If failing to use your blinkers when you’re overtaking or making a turn is really dangerous, then it can also be more than annoying when drivers accidentally leave their turn signals on. While it may not be quite as dangerous as failing to signal altogether, a permanently blinking indicator light does leave other motorists confused and puzzled, as they'll quite reasonably be expecting you to make the turn or perform the maneuver you're indicating for!
Too many motorists have gotten into the very bad habit of making a turn or overtaking and then just leaving their blinkers to turn off by themselves.
However, on interstates or in busy city center traffic, other road users can very easily end up getting the wrong signal–pun intended…
3 Failure To Properly Maintain Your Vehicle
Failure to properly maintain your vehicle can not only leave you high and dry when your car eventually breaks down but can also become a hazard to yourself and other road users. There are strict rules regarding vehicle maintenance, and cops can pull you over if they think that your car might be too dangerous to be on the road or if it could pose a risk to other road users. Only 18 states in the US require regular vehicle inspections to ensure that everything is in order, whereas in the UK, every vehicle has to pass an annual test called an MOT. Police will frequently pull over UK drivers if they have a broken headlight, bald tires, or any other defect that could cause an accident.
2 Speeding In Icy, Foggy, And Wet Conditions
Too many motorists don’t pay any attention to the conditions outside when they get behind the wheel, continuing to drive as normal even when the road surface is icy or wet or when it's windy or foggy. Rain, snow, and ice on the road can all make it more difficult to drive, and most sensible drivers slow down when conditions are challenging to enable them to better control their vehicles. Fog can decrease your visibility to just a few feet, which means that drivers cannot possibly see what’s coming–yet many motorists insist on maintaining their usual speed. You should always drive for the conditions, regardless of how confident you feel behind the wheel, as bad weather can take even the most experienced driver by surprise.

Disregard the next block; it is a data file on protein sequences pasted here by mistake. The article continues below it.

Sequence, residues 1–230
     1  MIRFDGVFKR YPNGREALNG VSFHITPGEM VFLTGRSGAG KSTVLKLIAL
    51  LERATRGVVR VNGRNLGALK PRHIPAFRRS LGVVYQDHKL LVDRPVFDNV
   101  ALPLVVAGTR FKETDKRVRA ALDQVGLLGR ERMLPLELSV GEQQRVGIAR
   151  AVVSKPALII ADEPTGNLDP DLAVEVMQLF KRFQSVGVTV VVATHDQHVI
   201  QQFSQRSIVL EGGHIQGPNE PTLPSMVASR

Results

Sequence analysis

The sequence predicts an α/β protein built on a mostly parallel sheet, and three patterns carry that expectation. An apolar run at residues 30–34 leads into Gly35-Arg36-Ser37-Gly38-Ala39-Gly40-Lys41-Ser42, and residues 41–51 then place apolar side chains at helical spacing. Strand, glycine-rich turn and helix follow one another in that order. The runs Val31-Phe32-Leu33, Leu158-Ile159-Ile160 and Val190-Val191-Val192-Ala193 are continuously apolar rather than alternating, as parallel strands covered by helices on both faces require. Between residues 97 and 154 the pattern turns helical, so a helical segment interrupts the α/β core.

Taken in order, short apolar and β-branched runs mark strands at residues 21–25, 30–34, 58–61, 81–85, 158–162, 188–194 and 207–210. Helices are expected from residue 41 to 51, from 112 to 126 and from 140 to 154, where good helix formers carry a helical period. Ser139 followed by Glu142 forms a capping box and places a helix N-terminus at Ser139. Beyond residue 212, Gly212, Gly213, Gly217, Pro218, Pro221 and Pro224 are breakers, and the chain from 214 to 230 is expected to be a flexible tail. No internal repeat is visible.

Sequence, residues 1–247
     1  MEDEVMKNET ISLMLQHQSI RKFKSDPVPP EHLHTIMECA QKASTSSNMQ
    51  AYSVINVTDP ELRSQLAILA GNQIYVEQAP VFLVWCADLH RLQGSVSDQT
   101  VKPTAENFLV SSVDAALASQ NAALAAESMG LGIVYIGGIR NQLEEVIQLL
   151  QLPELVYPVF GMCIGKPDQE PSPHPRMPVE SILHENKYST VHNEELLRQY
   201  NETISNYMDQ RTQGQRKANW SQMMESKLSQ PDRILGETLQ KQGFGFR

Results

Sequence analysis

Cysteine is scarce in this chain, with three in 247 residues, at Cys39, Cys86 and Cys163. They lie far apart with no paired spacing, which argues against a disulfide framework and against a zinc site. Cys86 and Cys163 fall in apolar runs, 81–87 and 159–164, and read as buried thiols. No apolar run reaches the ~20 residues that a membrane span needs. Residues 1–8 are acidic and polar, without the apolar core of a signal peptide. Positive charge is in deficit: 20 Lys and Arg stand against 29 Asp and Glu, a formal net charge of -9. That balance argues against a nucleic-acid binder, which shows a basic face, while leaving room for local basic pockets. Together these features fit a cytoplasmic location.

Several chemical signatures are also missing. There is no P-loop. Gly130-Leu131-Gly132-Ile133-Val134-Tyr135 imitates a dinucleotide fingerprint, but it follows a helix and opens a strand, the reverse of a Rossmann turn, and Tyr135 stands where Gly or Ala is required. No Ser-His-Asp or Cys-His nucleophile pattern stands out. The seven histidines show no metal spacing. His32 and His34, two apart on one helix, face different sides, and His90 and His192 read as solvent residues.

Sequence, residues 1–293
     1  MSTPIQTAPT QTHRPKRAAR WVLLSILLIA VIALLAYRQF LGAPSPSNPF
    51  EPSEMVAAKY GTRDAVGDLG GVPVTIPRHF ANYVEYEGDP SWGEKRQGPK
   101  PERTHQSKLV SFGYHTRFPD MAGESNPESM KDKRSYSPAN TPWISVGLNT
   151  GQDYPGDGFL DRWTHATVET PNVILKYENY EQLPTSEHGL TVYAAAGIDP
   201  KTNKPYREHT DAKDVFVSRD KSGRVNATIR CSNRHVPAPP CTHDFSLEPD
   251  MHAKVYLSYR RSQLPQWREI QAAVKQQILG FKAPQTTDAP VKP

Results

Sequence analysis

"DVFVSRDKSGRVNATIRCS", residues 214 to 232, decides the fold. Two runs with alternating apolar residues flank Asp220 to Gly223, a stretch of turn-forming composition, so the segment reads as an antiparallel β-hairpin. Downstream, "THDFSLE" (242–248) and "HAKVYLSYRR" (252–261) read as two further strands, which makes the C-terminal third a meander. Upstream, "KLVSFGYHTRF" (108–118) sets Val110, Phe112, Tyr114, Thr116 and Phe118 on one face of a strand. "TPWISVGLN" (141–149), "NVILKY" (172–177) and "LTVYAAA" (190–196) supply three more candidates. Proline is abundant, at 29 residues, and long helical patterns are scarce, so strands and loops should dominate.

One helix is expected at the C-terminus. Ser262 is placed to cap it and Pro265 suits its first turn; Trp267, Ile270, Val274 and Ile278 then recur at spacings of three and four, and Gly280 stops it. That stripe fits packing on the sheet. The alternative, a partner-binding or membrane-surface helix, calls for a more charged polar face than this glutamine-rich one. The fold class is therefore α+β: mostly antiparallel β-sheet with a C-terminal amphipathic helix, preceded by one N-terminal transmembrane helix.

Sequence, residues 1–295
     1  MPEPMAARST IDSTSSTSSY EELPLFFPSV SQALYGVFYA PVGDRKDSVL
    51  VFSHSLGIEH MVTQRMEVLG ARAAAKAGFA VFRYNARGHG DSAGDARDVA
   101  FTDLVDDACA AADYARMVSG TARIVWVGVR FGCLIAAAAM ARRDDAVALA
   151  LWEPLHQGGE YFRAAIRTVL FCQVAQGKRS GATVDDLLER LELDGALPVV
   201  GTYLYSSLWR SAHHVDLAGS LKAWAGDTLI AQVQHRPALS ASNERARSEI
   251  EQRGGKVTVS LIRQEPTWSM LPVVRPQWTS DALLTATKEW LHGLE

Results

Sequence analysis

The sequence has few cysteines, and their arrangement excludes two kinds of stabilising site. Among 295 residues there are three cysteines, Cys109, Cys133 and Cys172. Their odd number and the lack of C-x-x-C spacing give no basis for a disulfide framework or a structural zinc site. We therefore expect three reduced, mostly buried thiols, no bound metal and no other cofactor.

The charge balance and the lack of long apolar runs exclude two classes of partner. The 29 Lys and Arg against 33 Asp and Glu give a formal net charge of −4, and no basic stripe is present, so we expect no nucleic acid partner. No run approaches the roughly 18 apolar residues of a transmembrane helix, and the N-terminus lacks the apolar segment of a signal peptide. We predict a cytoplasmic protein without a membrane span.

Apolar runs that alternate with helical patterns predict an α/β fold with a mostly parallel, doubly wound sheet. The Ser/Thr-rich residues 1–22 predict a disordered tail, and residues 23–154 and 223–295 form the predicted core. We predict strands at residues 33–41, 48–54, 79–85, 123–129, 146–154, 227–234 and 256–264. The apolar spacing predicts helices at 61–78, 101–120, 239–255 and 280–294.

1 Using The Mobile Phone While Driving
Distracted drivers are dangerous drivers, and these days, there are lots of reasons for motorists to get distracted while behind the wheel. Cellphones are the main culprit, but there have also been cases where drivers have been spotted applying their makeup, watching TV, reading books, and even eating bowls of cereal. In 2013, cellphone use was the cause of over 3,000 deaths on US roads, with teen drivers more likely than most to try texting and driving. It's estimated that 11 teenagers die every day as a result of using their cellphones while behind the wheel. Amazingly, only 15 states have banned the use of hand-held phones by all drivers, with a handful more banning their use by newly qualified motorists. The only way to prevent these deaths is to ban cellphone use by drivers completely.